Up to Eric's Home Page To Index Wed Sep 05 18:48:41 EDT 1990

Raymond's Reviews #80

More catch-up...August releases

%T Isle of the Dead
%A Roger Zelazny
%I Baen
%D August 1990
%O paperback, US$3.50
%P 201
%G 0-671-72011-2

Another classy reissue from Baen, this time of a 1969 novel by Zelazny that hasn't dated a bit. Francis Sandow is a world designer and one of the wealthiest humans in the galaxy. He is also, in some sense, the god Shimbo of Darktree in the elaborate pantheon of the alien Peian mystics. Now, a failed world-builder has forged an alliance with Shimbo's great enemy, the dread god Belion, and the man who has had everything must fight for his life. Zelazny fuses psionics with theology in a way satisfying on several levels. Enjoy.

%T Star Trek: The Lost Years
%A J. M. Dillard
%I Pocket Books
%D August 1990
%O paperback, US$4.95
%P 440
%G 0-671-70795-7

Yawn. More Star Trek formula fiction -- same old characters, plot cut to fit a gap in the preexisting mythos, perfunctory plotting and lots of really familiar motions signifying nothing. Anyone who's seen Spock's World or The Wounded Sky or even How Much For Just The Planet knows that trekfic needn't be this boring and unoriginal. Pass on this one.

%T Alchemy Unlimited
%A Douglas W. Clark
%I Avon
%D August 1990
%O paperback, US$4.25
%P 310
%G 0-380-75726-5

This odd first novel is actually based on a cartoon strip that used to appear in a sewage-treatment newsletter. Yes, it's a fantasy that's preoccupied with waste-water reprocessing; the viewpoint character is the newly bound apprentice of the world's only hydro-alchemist. He finds himself involved in the effort to defeat a plague caused by toxic spillage of a demonic nature. The weird characters he encounters include the evil Sir Hydro Phobius (whose blazon is a dead fish), assorted tavern wenches, thugs and dotty monks, and a homosexual dragon with a thing for hot knights. Bizarre. But interesting.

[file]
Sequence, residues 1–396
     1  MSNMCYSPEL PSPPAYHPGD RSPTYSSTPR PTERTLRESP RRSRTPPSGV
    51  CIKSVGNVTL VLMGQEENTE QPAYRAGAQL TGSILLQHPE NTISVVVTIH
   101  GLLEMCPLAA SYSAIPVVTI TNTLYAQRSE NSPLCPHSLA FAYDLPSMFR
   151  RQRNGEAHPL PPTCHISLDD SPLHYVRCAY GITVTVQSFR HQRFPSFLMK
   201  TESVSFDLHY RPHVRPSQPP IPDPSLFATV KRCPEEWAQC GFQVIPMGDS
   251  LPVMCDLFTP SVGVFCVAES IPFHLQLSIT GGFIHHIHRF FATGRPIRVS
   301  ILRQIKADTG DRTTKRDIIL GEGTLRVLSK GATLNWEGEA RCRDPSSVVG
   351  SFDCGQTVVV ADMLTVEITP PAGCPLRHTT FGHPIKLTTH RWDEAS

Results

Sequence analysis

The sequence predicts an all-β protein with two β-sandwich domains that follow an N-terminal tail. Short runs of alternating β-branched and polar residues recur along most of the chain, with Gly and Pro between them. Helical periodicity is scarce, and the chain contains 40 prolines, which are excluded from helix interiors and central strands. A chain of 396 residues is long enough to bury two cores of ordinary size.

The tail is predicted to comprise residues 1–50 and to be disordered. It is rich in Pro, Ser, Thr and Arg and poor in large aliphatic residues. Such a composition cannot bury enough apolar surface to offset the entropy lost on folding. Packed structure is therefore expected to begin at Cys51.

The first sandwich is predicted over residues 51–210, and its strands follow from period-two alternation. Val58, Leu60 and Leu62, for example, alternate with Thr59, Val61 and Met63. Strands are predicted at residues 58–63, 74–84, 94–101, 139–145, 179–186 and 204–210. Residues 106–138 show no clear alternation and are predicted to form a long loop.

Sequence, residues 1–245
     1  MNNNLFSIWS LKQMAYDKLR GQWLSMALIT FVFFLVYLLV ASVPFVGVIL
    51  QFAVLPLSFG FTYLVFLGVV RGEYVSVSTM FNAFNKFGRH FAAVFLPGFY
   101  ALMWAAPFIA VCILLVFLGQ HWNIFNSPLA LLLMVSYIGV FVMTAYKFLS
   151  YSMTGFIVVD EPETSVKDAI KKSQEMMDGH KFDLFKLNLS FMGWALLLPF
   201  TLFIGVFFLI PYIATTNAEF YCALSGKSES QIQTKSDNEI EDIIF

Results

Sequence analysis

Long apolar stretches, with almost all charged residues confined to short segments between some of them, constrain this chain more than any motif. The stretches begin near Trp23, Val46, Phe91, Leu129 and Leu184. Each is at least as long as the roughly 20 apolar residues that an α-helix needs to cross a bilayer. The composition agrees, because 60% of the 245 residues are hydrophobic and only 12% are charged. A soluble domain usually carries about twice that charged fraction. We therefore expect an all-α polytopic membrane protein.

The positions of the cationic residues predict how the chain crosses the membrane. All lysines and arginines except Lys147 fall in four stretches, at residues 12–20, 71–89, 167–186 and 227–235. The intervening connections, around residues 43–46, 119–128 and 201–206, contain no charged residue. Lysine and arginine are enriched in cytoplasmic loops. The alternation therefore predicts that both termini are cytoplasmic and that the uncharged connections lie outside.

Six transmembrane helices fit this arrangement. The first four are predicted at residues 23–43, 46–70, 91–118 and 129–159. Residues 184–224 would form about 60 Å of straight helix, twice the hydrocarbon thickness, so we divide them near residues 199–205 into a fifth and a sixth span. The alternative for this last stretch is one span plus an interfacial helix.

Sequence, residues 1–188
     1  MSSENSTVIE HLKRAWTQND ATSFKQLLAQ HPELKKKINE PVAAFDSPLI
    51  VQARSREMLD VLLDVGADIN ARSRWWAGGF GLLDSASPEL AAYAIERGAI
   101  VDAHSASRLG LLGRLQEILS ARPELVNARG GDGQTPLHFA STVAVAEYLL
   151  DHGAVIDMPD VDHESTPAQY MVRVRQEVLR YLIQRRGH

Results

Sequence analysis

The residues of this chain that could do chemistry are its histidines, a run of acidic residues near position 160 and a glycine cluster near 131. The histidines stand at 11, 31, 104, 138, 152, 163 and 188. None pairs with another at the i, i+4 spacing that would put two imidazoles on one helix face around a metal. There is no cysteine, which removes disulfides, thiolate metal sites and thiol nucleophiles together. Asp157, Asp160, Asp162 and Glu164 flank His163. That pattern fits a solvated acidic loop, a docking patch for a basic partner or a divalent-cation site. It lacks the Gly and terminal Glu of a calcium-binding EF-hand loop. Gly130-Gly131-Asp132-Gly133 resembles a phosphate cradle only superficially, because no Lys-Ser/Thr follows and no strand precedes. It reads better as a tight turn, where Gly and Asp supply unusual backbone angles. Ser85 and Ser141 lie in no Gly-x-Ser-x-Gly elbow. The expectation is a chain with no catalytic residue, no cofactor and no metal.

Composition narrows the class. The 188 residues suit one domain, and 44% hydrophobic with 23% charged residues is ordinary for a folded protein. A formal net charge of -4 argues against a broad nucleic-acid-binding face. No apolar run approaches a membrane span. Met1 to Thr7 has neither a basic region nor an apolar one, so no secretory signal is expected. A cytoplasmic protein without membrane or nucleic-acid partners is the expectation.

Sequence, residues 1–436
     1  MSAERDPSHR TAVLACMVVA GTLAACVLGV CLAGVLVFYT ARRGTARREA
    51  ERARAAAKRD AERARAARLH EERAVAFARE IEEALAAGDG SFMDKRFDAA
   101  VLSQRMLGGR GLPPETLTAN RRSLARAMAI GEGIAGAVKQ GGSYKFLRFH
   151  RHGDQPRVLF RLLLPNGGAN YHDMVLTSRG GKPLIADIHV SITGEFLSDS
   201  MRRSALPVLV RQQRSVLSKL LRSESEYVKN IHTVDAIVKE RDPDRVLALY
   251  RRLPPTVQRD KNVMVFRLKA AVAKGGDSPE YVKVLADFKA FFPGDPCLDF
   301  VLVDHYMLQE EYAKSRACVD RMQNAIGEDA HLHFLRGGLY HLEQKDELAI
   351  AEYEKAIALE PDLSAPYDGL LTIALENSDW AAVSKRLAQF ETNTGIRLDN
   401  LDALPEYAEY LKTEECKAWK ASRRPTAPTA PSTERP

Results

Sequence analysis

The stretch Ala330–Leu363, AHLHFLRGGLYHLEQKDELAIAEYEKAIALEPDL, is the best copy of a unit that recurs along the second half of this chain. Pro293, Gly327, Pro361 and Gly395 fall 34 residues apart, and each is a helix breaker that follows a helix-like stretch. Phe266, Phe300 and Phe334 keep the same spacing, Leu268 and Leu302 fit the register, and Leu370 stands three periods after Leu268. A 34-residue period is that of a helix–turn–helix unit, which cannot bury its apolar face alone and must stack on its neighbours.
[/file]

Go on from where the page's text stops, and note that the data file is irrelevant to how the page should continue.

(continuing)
%T Out of Sync
%A Isidore Haiblum
Publisher: Ballantine/Del Rey
%O paperback, US$3.95 %P 184 %G 0-345-35501-6

At his best (as in The Tzaddik Of The Seven Wonders and The Wilk Are Among Us!), Isidore Haiblum has displayed a weird inventiveness and a loopy, darkly original comic sense. This book, sadly, is not Haiblum at his best. The premise is incoherent, the plotting weak, and the denoument rushed and unconvincing. Skip this one.


Robots & Aliens #5: Maverick.

Up to Eric's Home Page To Index Wed Sep 05 18:48:41 EDT 1990

Eric S. Raymond <esr@snark.thyrsus.com>